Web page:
<p>We&rsquo;ve established that termite swarming season begins around late winter, but there are more specific conditions within that initial time frame that can trigger termite swarming. For starters, let&rsquo;s <a href="https://content.ces.ncsu.edu/termites-biology-and-control">elaborate on that timeline</a> a little bit more: termite swarming season starts in late winter, but lasts all the way through around September or October. So basically, we&rsquo;re talking about a swarming season that lasts anywhere from 5-6 months. &nbsp;<br>&nbsp;<br>More specifically, termites swarm almost always during the day, and tend to be more active after rainfall on especially warm days. Indoor swarming is usually an indication that you already have a termite infestation; if you&rsquo;re experiencing an indoor termite swarm in your house, contact a <a href="/termite-control">professional termite control company</a> immediately.</p>
<h3>Identifying Termite Swarmers &nbsp;</h3>
<p>Termite swarmers (AKA flying termites) are themselves a specific type of termite that is produced by the colony with the specific purpose of reproduction. These termites swarm to find partners and start their own termite colony. They look like this: &nbsp;<br>&nbsp;<br><img alt="Termite swarmer close up" height="356" src="https://bcms-files.s3.amazonaws.com/Rv4pXBZmdK-1114/images/640px-Flying_Termite.jpg" width="550"><br>&nbsp;<br>And here&rsquo;s an example of what a termite swarm looks like: &nbsp;<br>&nbsp;<br><iframe src="https://www.youtube.com/embed/hka7Ei2rIlM" width="560" height="314" allowfullscreen="allowfullscreen"></iframe>&nbsp;<br>&nbsp;<br>If you&rsquo;re encountering termite swarmers either in your home or out in your yard, there&rsquo;s a significant chance that you have a termite colony living in your yard, or possibly even inside of your home -- both causes for concern. &nbsp;</p>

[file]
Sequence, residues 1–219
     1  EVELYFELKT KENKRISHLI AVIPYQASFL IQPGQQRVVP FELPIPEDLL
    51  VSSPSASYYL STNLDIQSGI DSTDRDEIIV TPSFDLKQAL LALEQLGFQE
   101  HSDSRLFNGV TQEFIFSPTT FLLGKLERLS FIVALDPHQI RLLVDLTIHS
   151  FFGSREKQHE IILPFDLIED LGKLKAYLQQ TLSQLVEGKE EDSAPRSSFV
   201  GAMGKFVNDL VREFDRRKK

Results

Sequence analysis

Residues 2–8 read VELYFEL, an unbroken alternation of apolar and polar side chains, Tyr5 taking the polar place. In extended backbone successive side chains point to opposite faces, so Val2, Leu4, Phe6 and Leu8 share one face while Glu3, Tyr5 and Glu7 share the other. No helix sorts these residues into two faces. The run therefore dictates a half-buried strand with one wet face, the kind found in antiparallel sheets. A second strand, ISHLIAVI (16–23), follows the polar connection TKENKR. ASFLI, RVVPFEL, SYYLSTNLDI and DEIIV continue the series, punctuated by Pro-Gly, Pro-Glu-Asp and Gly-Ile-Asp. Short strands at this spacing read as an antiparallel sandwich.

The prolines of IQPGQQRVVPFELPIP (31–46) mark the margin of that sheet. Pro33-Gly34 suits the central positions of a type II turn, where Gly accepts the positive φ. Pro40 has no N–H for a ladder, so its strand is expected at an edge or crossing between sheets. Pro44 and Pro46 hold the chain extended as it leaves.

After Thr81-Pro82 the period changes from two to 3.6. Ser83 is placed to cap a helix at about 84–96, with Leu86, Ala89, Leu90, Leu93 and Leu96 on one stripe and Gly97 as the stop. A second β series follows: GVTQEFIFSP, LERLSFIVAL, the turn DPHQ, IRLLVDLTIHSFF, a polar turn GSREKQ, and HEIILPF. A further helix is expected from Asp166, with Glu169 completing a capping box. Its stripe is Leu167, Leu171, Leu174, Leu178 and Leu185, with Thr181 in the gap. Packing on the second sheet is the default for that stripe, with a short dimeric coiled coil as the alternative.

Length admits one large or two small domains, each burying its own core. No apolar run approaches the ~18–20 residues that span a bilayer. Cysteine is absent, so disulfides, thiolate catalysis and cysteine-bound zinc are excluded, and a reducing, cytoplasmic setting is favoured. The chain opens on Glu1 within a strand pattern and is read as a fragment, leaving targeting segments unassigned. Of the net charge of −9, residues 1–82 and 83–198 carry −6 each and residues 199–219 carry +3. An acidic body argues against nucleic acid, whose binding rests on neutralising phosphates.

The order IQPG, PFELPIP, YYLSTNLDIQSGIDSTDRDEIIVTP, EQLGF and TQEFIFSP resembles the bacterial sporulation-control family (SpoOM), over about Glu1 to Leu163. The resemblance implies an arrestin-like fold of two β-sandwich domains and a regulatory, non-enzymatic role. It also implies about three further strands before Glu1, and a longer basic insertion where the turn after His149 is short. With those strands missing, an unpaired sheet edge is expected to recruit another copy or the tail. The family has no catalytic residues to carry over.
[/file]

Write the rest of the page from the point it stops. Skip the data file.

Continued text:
<h3>Does a Swarm of Termites Spell Danger?</h3>
<p><img alt="Flying termites perched on blades of grass" height="367" src="https://bcms-files.s3.amazonaws.com/Rv4pXBZmdK-1114/images/36999242586_26dde4b5dc_c-1.jpg" width="550"></p>
<p>While termite swarmers themselves are not the wood-eating members of the termite colony, they can act as a great warning indicator for us humans of a dangerous termite presence. Considering the serious damage capability of a colony of termites to both structures and outdoor wood, witnessing a swarm of flying termites inside or around your home is cause for concern. &nbsp;</p>
<h3>If I kill the insect swarmers is the problem solved? &nbsp;</h3>
<p><img alt="Large pile of termite wings" height="413" src="https://bcms-files.s3.amazonaws.com/Rv4pXBZmdK-1114/images/Termite-feathers-35867-pixahive-768x576.jpg" width="550"></p>